AN END TO ENGLISH NETTING…
…but rod-fishers must release all salmon on at-risk rivers in 2018. Mark Lloyd urges anglers to respond positively to the EA’S proposals
THE ANGLING TRUST’S successful bid to front Trout & Salmon’s Save Our Salmon campaign in 2015 led to the government organising a Salmon Summit in November of that year. Defra issued a very unhelpful press release during the summit threatening to impose catch-and-release on anglers. More positively, the Environment Agency announced a Five Point Approach to addressing the issues facing salmon, pledging to improve marine survival; reduce exploitation by nets and rods; remove barriers to migration/enhance habitat; improve water quality; and safeguard sufficient flows. The Angling Trust has been leading on the work to reduce exploitation by nets and rods in England. Our aim has been to reduce unsustainable netting and get rid of all mixed-stock exploitation (which catches fish at sea from a number of different rivers), while avoiding the imposition of mandatory catch-and-release on anglers. Over several months, we negotiated a set of draft proposals with the Environment Agency, which have now been approved by its national board. These will be put out for an informal, six-week consultation during April and I hope that every angler, club, tackle-shop and fishery owner reading this will respond to it. We will make details available through our e-mail updates to members and on our website. The results of the consultation will be considered by the Fisheries Minister and then measures will be proposed in the autumn of 2017 for formal consultation before implementation in the 2018 season. The proposals include a five- or ten-year ban of all netting of fish returning to rivers predicted to be “at risk” or “probably at risk” including all mixed-stock fishing, such as the drift nets (due to be phased out in 2022) and the T& J nets off the North-east coast, which take vast numbers of fish returning to rivers in Scotland and England. These fisheries threaten all salmon rivers around the country because they put international agreements [to limit or stop netting] with the Greenlanders and Faroese at risk, so it is extremely good news that they might at last be closed. Instead of mandatory measures being imposed on anglers, we have secured the Agency’s support for a preference for a voluntary approach led by the angling community ourselves (but this is subject to the outcome of the consultation). This would involve aiming to achieve 100% catch-and-release on predicted “at risk” rivers (current release rates in brackets): Tees (88.6%), Dart (100%), Yealm (100%), Lune (71.4%) and Derwent (75%). On “probably at risk” rivers the Agency would expect to see an increase in rates of release to above 90% on the: Coquet (70.2%), Yorkshire Esk (87.7%), Hampshire Avon (100%), Piddle (100%), Frome (96.8%), Stour (98%), Axe (100%), Exe (75.9%), Devon Avon (87.5%), Crake (75%), Irt (64.7%), Tavy (74.7%), Tamar (83.6%), Camel (72.2%), Torridge (89.5%), Lyn (100%), Ribble (91.3%), Kent (67.9%), Border Esk (66.4%), Wyre (67.8%), Erme (100%), Plym (75%), Calder (100%), Ehen (58.2%) and Eden (83.4%). On “probably not at risk” rivers they hope to see increased rates of release: Tyne (71.5%), Wear (67.8%), Itchen (100%), Lynher (66.2%), Taw (85.3%), Teign (78.3%), Fowey (71.7%), Severn (72.4%), Leven (93.3%), Test (99.6%), Duddon (70.3%). For some, this will require a substantial culture change if we are to avoid mandatory measures being imposed, for others it will mean continuing good practice. It is very important that we all submit a catch return to the EA at the end of the season, which is a legal requirement of being a rod licence holder. The Agency has also promised to take full account of information from fisheries’ own records. On all rivers, they would like to see better practice being used to ensure that as many released fish survive as possible. The Angling Trust, Atlantic Salmon Trust and Fishpal have teamed up to make a film called The Gift, which is available on You Tube [You Tube: search “The Gift salmon”] The film explains the best tackle and techniques to avoid causing damage to fish. We understand the Environment Agency may also be consulting on by-laws about types of tackle that may be used. Please make your views about these proposals known through the consultation process, and if you’re a member of the Angling Trust and Fish Legal, please let us know, too, so that we can represent you. Scotland has, of course, already implemented its system for classifying the Conservation Status of rivers, imposed mandatory catch-and-release in category 3 rivers and ended all mixed-stock netting. We have recommended a voluntary approach to Natural Resources Wales, which seems intent on mandatory catch-and-release. We will be doing so again when they consult on their measures later this year. Of course, the real threat to salmon comes not from anglers, but from pollution, predation, fish farming, over-abstraction and hydropower. We will keep pressing for real progress to address these and other issues affecting our magnificent fish.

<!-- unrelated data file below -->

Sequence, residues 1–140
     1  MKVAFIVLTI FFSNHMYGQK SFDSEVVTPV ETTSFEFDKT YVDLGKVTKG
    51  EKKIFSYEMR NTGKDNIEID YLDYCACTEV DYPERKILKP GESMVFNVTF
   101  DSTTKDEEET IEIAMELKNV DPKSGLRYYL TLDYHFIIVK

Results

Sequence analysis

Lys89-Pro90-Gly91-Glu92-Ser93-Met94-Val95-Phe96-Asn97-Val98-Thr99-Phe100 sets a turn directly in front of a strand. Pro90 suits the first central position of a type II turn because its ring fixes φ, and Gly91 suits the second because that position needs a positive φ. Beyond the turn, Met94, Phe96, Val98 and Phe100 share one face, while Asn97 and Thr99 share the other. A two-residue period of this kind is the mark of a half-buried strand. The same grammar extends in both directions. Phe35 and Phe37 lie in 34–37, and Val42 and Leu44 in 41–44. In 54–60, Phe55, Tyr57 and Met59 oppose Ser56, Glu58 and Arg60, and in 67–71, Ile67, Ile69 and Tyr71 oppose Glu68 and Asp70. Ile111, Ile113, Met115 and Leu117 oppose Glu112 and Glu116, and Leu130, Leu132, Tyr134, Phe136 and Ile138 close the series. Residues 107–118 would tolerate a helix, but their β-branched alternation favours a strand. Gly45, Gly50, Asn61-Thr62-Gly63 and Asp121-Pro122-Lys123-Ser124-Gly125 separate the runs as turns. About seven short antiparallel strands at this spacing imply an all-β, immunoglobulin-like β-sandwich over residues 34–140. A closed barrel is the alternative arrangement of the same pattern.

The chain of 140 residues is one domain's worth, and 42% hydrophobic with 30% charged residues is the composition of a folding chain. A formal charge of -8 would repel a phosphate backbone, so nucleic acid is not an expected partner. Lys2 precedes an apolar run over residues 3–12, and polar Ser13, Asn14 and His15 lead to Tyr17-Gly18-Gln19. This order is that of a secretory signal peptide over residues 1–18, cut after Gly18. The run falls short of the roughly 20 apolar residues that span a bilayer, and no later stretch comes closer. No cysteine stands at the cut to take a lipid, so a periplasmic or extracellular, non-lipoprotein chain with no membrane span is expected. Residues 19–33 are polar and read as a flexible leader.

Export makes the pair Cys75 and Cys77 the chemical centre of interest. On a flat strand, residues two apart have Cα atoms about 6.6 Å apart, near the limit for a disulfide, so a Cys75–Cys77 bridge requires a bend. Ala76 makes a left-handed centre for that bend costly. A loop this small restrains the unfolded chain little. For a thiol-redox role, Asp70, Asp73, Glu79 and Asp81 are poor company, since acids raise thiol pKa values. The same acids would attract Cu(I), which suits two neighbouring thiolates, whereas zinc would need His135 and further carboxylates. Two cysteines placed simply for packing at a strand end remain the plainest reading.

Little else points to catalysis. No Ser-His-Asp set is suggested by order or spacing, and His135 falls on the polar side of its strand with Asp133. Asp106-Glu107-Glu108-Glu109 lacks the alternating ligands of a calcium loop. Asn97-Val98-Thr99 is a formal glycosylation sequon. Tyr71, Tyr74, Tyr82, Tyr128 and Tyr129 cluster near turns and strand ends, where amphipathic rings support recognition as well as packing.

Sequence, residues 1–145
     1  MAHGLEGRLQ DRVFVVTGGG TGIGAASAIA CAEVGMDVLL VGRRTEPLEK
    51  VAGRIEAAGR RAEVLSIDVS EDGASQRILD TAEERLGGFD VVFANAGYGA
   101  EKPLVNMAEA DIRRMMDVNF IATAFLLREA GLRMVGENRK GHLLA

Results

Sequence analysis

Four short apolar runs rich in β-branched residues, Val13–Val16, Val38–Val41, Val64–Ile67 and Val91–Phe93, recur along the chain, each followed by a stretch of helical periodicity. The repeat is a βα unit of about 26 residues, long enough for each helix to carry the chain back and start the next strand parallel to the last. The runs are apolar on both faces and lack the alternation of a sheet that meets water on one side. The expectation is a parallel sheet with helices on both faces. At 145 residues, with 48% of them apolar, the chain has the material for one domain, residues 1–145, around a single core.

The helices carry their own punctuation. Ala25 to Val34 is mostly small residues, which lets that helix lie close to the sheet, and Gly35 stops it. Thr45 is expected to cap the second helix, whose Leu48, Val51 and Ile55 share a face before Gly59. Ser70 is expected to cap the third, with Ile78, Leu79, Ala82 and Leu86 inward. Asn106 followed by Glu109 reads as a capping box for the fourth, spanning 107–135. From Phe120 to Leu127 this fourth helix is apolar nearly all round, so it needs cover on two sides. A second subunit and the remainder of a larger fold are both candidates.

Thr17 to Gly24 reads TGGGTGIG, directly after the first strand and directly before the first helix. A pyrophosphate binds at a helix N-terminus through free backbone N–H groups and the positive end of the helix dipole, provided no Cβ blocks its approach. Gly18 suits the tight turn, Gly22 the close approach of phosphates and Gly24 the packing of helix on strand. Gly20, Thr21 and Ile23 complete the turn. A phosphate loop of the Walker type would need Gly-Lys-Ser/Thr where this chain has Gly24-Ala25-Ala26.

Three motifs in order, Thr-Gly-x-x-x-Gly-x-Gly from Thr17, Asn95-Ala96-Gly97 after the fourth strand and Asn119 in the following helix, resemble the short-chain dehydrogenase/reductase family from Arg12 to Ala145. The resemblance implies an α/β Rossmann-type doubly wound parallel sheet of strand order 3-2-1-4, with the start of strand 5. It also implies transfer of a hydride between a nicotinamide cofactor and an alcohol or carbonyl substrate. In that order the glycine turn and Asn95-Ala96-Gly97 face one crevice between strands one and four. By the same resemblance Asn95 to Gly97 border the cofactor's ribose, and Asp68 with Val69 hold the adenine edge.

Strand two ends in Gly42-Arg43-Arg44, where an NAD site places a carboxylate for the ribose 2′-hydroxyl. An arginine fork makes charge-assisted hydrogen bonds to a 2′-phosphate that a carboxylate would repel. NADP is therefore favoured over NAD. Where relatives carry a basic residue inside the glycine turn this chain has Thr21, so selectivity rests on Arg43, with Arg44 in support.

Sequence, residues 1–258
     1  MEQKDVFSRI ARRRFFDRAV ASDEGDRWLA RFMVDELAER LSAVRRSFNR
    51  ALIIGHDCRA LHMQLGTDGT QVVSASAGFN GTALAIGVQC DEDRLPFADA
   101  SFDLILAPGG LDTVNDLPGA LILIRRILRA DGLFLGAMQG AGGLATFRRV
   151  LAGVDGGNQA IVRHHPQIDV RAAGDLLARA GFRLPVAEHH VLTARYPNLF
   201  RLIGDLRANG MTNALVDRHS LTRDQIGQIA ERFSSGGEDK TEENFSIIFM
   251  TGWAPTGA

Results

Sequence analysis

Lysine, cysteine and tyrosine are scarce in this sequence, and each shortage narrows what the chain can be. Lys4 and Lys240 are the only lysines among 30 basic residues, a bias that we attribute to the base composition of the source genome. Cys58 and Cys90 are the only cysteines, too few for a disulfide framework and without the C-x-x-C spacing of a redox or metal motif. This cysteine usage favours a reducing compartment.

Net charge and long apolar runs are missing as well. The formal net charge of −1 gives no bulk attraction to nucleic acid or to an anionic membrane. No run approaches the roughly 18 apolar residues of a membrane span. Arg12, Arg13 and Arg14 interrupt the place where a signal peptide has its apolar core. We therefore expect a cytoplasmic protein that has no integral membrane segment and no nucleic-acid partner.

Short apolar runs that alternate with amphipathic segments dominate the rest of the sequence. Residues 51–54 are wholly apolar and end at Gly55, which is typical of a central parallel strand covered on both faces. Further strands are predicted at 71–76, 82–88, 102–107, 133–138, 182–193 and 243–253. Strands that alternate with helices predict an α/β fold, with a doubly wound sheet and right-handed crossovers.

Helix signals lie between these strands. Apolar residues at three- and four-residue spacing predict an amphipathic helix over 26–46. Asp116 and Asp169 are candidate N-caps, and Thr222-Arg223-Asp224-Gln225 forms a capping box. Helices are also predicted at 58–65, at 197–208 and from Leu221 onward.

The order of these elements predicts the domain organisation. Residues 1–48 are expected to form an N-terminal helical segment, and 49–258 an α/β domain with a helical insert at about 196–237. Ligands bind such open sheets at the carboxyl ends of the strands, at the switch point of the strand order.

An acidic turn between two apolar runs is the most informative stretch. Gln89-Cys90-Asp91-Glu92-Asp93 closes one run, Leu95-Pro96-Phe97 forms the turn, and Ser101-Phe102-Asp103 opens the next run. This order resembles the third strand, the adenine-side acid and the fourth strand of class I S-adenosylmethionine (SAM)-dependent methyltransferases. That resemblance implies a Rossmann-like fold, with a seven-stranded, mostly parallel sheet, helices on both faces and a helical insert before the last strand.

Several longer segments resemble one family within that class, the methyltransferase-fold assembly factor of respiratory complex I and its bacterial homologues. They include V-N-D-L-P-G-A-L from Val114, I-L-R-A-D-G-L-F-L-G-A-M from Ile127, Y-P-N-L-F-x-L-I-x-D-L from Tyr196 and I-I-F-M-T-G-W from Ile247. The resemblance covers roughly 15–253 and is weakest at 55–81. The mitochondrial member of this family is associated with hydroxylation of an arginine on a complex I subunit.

“It is very important that we all submit a catch return to the EA, which is a legal requirement of being a rod licence holder”